- general deal activity in the FIG space has been picking up/strong depending on sub-sectors (financial technology/specfin are very active, asset management has a steady flow, banks is getting better but still slow, insurance I have no idea)

Cons:
- if the program is not set up as a generalist program, you could potentially get stuck with a skillset that's perceived as less transferable (and I emphasize perceived, although that can be a hurdle that needs to be crossed if you're thinking of exits)
- it can get repetitive/boring especially in bank and insurance land (personal opinion)
- lots of work given point on sophisticated clientele needing greater depth in presentations/discussions

This is just general things I've observed but it really depends from firm to firm.

 
Jan 6, 2013 - 1:35pm

FIG and the Buyside (Originally Posted: 09/03/2011)

Understand that being a FIG analyst has been discussed ad nauseum in various threads but looking to get an updated view from a slightly different perspective. My questions are as follows:

  1. I know FIG analysts get hired by large PE firms on a regular basis but how common is it for a FIG guy / gal to get hired by insert name of PE fund to work on non-FIG deals?

  2. How easy is it to transfer from a non-EBITDA based FIG sub-sector (so anything but financial technology) onto the buyside?

Thanks in advance guys.

 
Jan 6, 2013 - 1:36pm

In my experience, the breadth of options afforded by working in FIG directly correlates to the "prestige" of the FIG group you worked in, as ridiculous as that sounds. Goldman FIG could get you into KKR easily enough. BAML FIG? Not so much. Not to say it doesn't happen, but worse FIG groups tend to place people into FIG specific PE funds.

This holds for non-EBITDA roles as well. It will be tough to go from a non-EBITDA based sector to a generalist buyside shop. However, FIG-focused funds are more than happy to take people with non-EBITDA focused experience. JC Flowers and, to a lesser extent, Lightyear and Stone Point are the major financial institutions-focused funds.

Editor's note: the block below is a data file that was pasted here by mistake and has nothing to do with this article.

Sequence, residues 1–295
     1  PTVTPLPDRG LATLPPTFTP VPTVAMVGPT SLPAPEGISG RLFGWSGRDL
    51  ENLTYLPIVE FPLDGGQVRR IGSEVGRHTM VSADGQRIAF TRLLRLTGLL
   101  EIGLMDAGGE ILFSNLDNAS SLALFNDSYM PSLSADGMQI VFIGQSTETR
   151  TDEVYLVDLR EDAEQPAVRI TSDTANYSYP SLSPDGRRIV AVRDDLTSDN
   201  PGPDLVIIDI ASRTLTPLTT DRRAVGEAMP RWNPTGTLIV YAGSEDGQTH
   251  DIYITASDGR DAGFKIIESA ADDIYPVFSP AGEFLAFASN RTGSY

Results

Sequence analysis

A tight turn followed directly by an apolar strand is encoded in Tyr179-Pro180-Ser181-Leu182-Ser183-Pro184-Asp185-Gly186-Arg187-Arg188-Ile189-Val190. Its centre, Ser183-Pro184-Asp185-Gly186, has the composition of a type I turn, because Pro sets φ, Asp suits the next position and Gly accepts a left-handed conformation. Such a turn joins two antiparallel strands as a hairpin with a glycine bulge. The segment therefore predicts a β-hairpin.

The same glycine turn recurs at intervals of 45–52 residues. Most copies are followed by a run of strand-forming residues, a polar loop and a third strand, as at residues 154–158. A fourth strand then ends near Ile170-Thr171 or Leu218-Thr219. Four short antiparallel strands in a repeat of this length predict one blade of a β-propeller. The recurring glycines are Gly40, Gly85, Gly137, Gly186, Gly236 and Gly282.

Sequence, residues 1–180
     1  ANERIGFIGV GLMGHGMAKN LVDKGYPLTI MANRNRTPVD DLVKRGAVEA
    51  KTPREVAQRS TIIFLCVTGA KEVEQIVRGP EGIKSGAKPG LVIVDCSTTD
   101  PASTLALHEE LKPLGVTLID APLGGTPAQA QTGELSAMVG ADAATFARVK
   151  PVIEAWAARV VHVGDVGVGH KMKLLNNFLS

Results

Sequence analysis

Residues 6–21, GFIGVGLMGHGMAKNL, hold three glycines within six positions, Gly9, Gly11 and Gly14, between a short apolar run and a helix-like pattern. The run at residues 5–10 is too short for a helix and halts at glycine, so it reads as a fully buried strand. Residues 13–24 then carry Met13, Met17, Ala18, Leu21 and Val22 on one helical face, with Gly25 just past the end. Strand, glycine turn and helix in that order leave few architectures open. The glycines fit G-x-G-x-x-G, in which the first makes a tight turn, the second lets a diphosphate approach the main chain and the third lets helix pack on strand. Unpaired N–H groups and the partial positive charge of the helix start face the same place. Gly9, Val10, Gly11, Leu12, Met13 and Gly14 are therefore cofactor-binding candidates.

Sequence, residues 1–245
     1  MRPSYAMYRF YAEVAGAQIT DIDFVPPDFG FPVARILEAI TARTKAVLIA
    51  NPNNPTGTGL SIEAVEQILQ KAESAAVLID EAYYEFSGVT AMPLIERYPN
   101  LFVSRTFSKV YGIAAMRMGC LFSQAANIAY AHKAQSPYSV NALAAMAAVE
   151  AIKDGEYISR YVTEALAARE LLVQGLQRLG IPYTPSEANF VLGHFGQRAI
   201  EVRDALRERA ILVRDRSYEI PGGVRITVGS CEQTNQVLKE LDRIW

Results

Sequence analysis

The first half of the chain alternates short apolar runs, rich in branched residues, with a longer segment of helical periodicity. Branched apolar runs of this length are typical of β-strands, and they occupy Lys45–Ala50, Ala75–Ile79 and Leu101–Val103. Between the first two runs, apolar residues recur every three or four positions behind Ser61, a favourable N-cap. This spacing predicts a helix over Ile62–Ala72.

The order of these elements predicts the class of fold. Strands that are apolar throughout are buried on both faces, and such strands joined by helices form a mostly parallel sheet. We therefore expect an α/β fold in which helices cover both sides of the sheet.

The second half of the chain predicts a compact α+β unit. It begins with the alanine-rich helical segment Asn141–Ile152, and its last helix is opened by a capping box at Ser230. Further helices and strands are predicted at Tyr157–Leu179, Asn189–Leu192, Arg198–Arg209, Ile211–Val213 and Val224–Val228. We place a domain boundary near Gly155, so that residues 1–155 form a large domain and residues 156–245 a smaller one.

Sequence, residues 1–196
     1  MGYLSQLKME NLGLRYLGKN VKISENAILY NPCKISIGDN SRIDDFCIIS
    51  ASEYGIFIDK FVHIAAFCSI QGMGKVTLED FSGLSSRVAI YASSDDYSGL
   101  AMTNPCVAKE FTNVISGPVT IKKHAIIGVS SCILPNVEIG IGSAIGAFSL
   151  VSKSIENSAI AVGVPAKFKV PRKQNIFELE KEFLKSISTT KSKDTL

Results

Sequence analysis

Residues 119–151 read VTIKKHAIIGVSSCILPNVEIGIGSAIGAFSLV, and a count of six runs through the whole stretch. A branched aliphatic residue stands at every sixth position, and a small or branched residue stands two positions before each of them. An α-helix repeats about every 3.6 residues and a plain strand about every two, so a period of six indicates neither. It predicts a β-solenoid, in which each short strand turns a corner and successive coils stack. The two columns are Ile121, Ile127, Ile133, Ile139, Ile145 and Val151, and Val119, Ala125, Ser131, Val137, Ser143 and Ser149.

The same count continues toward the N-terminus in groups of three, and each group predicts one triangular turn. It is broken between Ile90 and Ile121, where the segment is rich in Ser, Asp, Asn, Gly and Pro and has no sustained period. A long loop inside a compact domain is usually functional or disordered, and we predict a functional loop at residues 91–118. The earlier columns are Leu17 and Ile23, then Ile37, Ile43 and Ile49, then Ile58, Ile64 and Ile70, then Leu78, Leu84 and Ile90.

As for what you do on the buyside, it depends on just how involved your fund is in financial institutions. You will probably be called upon if your firm is doing a financial institution buyout, but they won't have you sitting on your hands if they aren't active in that space.

Also, some guys in FIG go to work for clients, as in asset managers and insurance.

 
Jan 6, 2013 - 1:37pm

FIG, a different animal? (Originally Posted: 11/07/2013)

How does Fig differ from other groups? What might be different in valuation? Is it typically limiting to enter as an analyst within a FIG group? Is it different firm to firm? Any guidance is much appreciated.

 
Jan 6, 2013 - 1:39pm

Valuation will depend on the company. A lot of people assume that FIG = banks. FIG has banks, insurance, Asset Management, exchanges, broker/dealers, financial technology, etc. Some of these companies, like banks and insurance companies, are very unique animals and use valuation methods that differ from your run-of-the-mill DCF/EBITDA comps. Other institutions, like asset managers and payment processors, are still cash flow-driven. They still used DCFs, EBITDA multiples, etc.

 
Jan 6, 2013 - 1:40pm

Opinions on FIG (Originally Posted: 04/24/2008)

In the process of choosing groups for SA at BB.

What does everyone think of financial institutions group?